“Before Watergate, there was the Pentagon Papers.” This was the first sentence of the summary for a screenplay, titled “The Post,” on the 2016 Black List, an annual compilation of the movie industry’s best unproduced scripts. The story follows the Washington Post’s role in revealing a damning classified study about the Vietnam War to the public. Written by Liz Hannah and Josh Singer and directed by paragon Steven Spielberg, “The Post” milks its timeliness and tells how one woman’s bravery led to a major First Amendment victory for America’s journalists.
In 1971, Katharine “Kay” Graham is the first woman in charge of a major American newspaper. A widow with no previous experience as an executive, she struggles against the gender politics of the era and her own insecurities to make her voice heard at company meetings and in the boardroom. When The New York Times reveals the government has been lying about the war in Vietnam, the executive editor of The Washington Post, Ben Bradlee, calls most of the shots for how they will handle the information they have. Before long, a furious President Nixon uses his governing powers to bar the Times from further story publications, which presents a major opportunity for both Kay and the Post. This is their chance to stand up for the First Amendment by continuing the Times’ work. But as the head of the Post, a position she could never have envisioned, it’s ultimately Kay’s call on whether to publish.
In the role of Kay Graham, Meryl Streep is one heck of an inspiration. Her ability to keep the viewer rooted in Kay’s emotions at any given moment makes genuinely palpable the transformation Kay undergoes, from self-conscious and doubtful to assertive and confident. Kay makes the switch in a remarkable sequence — the camera close up on her face, her stammering switch to complete seriousness as she says, over the phone, “Let’s go. Let’s go. Let’s go. Let’s publish.” Tom Hanks as Ben Bradlee strikes a perfect balance between supporting player and leading man. He captures Bradlee’s infectious passion for the power of journalism as well as his determination to quickly but accurately get the truth out. He wants everyone to play their part in contributing to a bigger picture, and that extends to Kay. He knows she’s got the fire to lead the paper, and he’s not afraid to respectfully push her to help her see it. And, when she finds it, he’s happy to step aside to give her space on the pedestal. As Ben’s wife, Tony Bradlee, Sarah Paulson gives a wonderful fleshed out performance despite her limited screen time. The glimpses of Tony depict her as a woman who keeps herself in the know and makes her own decisions, while remaining supportive and understanding.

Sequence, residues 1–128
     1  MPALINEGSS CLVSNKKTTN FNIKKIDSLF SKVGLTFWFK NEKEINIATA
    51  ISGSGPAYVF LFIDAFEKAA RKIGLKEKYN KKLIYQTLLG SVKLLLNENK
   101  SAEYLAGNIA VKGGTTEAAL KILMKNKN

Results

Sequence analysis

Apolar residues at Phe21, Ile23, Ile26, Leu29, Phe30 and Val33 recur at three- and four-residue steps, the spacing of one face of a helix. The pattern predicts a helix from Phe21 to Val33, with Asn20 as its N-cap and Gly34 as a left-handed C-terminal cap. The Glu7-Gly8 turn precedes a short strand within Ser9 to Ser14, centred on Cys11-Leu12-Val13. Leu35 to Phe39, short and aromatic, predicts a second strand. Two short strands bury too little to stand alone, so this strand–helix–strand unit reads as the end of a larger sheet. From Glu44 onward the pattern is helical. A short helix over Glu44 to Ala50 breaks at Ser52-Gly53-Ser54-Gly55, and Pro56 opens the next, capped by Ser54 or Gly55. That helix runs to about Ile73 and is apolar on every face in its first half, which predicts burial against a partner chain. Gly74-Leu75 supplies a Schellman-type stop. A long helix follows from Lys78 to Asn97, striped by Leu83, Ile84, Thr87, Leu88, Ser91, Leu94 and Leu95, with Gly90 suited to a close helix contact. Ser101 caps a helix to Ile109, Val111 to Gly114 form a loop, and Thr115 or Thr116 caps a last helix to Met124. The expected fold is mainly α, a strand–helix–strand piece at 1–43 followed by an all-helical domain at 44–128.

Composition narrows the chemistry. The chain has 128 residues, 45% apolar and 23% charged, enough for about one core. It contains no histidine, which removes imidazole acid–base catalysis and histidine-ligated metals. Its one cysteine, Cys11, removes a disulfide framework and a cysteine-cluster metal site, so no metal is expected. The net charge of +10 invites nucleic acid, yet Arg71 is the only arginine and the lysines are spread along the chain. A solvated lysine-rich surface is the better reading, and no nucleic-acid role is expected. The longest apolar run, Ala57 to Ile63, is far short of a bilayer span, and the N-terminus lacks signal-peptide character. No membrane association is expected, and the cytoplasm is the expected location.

Hannah and Singer’s screenplay is wonderfully inclusive in its representation of gender. Each character, from Kay to Bradlee’s young daughter, feels like a flesh-and-blood human being with a past, a present and a future. The characterizations are respectful of everyone’s humanity, both the good parts and the parts to improvement. The pacing keeps us engrossed, even if we may already know the outcome. The story is ultimately optimistic because it shows the heights we’re capable of reaching when we use our gifts to make the world a better place.
When Steven Spielberg read the unknown screenplay, he said the story had to be brought to the screen immediately. In the movie business, a rushed production often leads to a poor-quality picture. But, in this case, striking while the iron was hot led to an almost-certain Best Picture nomination and the emergence of Hannah and Singer as brilliant new screenwriters. At the showing I attended, the almost-full theater burst into applause at the end, a reaction I have not seen toward a non-blockbuster movie in a long time. Educational, thought-provoking and uplifting, “The Post” is some wickedly good cinema that’s worth setting aside time to see.
The Post is playing in theaters now. See the trailer below:
Steven Spielberg directs Meryl Streep and Tom Hanks in The Post, a thrilling drama about the unlikely partnership between The Washington Post's Katharine Graham (Streep), the first female publisher of a major American newspaper, and editor Ben Bradlee (Hanks), as they race to catch up with The New York Times to expose a massive cover-up of government secrets that spanned three decades and four U.S.